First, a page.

Introduction: Flagman Table
This dining table was made from an orange road sign with black flagman logo on it.
I got the sign from a junkyard I used to know, north of Phoenix. It was free. I highly recommend "free", in general, as it will keep the cost of this project down, as well as (hopefully) recycle something someone else thought was trash. All the wood I used was free too, cheap plywood cut in strips, old two-by-fours, and other assorted, mangled, painted, varnished, and peeling scraps from around the shop I worked in. The only new materials are fasteners. Most of my work is with "trash", and in the spirit of freegans and readymakers everywhere, I try to spend as little money as possible. In addition to saving me some trouble, saving money is often a simple way to save the environment -- use less crap. The peeling paint and dings in the sign become an integral part of the aesthetic.
I didn't measure anything except to hold the wood up to the sign or wherever I was trying to attach it, so all directions in here are going to exclude dimensions. I assume the sign you find won't be the same exact size, or the use for your table might be different, etc., so consider these instructions more of a schematic to work out your own design on top of.
All photos by my collaborator, Alfonso Elia.
Step 1: Table Acquisition
Go to a junkyard and ask if they have any signs. Most decent-sized ones will have at least a few. Do not get one that is bent, even slightly, because they are usually made from pretty thick aluminum that is too resilient to bang dents out of. You can also find new and used signs on the internet and eBay.
(Please don't steal signs -- )
Step 2: Box the Perimeter
Use some strips of wood to box the perimeter. It helps to work in standard dimensions of material, so most of the wood in the this table was two-by-fours cut into pieces 1-1/2" square, on a table saw. You can get a lot more wood out of your scrap pile if you trim stuff down this way. That also allows an opportunity to cut away warped, rotted, or otherwise damaged bits.
Attach the wood by screwing into it from the top through the table. I just used a screw gun and drywall screws. The black screws match the graphic. No pilot holes required, aluminum is pretty soft.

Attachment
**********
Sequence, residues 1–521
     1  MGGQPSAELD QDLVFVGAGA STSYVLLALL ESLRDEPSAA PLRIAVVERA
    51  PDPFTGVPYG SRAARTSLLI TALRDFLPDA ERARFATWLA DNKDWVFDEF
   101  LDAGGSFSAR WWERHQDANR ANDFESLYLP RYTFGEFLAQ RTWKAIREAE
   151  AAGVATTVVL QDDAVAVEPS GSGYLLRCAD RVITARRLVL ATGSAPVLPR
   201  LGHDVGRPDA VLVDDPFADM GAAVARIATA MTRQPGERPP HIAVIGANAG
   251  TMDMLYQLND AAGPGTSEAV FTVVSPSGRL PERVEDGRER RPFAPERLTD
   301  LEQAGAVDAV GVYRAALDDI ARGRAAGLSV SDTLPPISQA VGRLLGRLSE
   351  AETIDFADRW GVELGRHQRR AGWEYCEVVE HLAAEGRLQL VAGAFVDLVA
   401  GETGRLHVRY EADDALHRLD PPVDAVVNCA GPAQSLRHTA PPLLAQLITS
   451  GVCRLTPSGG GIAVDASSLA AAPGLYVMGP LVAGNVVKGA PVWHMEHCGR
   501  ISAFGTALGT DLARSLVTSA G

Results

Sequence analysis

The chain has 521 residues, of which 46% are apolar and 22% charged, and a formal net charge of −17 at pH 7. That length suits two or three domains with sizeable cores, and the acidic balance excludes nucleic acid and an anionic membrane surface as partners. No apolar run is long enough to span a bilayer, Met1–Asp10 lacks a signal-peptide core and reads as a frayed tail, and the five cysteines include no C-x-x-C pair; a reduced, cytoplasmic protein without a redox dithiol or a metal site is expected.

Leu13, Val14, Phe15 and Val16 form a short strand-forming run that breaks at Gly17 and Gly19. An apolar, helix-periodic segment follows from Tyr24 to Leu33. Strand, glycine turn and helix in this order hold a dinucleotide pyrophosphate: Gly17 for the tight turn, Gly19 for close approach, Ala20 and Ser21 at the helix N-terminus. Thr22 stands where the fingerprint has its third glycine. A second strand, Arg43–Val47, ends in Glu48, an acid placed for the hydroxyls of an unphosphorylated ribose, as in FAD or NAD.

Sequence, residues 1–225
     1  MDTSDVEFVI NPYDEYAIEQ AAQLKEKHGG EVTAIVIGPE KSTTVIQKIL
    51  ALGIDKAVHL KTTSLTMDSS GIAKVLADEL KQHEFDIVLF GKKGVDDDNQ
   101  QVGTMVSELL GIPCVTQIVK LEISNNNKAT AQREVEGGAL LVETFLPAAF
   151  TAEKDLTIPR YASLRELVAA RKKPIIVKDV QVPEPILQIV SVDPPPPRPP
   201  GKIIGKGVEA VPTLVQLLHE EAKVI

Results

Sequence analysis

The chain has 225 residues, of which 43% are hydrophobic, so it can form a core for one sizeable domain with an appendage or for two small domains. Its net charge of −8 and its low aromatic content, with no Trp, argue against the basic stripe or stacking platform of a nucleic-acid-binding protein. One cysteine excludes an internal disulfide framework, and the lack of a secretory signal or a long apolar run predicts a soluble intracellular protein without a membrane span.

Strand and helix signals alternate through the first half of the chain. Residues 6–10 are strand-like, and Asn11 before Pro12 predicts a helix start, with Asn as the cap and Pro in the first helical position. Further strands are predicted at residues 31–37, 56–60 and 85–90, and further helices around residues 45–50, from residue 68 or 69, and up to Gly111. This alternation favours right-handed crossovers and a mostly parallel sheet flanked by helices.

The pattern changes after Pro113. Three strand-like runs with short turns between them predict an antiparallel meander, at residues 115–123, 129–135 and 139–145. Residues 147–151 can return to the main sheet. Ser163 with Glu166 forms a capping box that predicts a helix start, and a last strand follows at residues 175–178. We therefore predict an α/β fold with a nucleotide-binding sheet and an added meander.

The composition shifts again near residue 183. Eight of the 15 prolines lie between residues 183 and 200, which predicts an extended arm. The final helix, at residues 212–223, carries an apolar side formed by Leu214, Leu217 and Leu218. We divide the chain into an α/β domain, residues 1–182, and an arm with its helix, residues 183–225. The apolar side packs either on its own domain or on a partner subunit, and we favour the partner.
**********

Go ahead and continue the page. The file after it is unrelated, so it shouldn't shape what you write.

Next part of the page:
Then connect the midpoints of the sides with some more strips of two-by-four. I made some little triangular gussets to attach the diagonals to the side pieces. These can be made out of any scrap masonite, plywood, or thin sheet metal cut into a 45-45-90 triangle.
Step 3: Diagonals
Connect the midpoints of the interior square with the corners of the rim. These pieces sit on top of the others. Screw them in from what will be the underside of the table, not through the sign.
Step 4: Legs!
Legs are definitely the trickiest part in terms of getting the height right and getting the thing to sit level on all four feet. There are some later steps that will help with tweaking the level, so don't sweat it if the table is slightly off at first.
The legs are made of strips of 3/4" plywood ripped down on a band saw to about two inches thick at one end and three or so at the other. This gives them a nice taper, for a little elegance in the stance
I wanted the feet to be directly underneath the outside corners, and the table to be thirty inches high.
I jammed the fat end of a leg piece back into the diagonal center bracing, alongside the brace that runs from the outside corners. Then, from the outside corner, I extended my tape measure straight up thirty inches. Fiddle with the leg piece until it intersects the tape. Mark and cut. To find the miter that will make it lie flat on the floor, hold the new leg, trimmed to length, up to the tape in the same way. Using the corner brace as a straightedge, scribe a line across the leg and cut.
Make eight legs to the same dimensions. Use a quarter-inch machine bolt to attach two legs to each corner brace, the legs sandwiching the brace. Tighten it, but leave some play.
Another brace then drops from the outside corner to the midpoint of the leg. Bolt through the same way. put a third bolt through both legs at the bottom of the leg. Tighten this one way down, and it will pinch the legs together, making another taper in the other dimension of the leg.
Step 5: More Braces
You can see the additional bracing coming together in these photos: two pieces, per leg, intersecting at the midpoint of the leg. The other ends go out to the midpoints of the sides of the table. Just shoot screws into them any which way you can, because everything is coming together at funky angles.
Step 6: Finish Up
The first picture shows all the legs braced out. It's strong enough to use at this point.
To add a little more strength and help the thing sit level, I added the wire diagonal tensioners in the first two pictures. I drilled a hole in the projecting end of the four corner braces that connect the corner of the table and the midpoint of the leg. Using tie wire, baling wire, or rope, make a loop that connects the diagonally opposing holes. Stick a little piece of wood in between the two ropes, and twist until tight, just like applying a tourniquet. Tie off the wood to keep it from spinning out when it's at the desired level of tension. These wires prevent the legs from sliding outward, adding some strength, but their main virtue is the fact that tightening and loosening them can twist the table some and make it lay flat. Fiddle with it until all four feet touch the ground evenly.
The beginning photos also show a flower vase. There was already a big hole in the middle of the table, so I screwed a jar lid to the underside of the table and cut a hole in the middle of it. Fill the corresponding jar with water and thread it into the now-captive cap, and drop the flowers in from above.
Cook something up, and eat it, at your new table.
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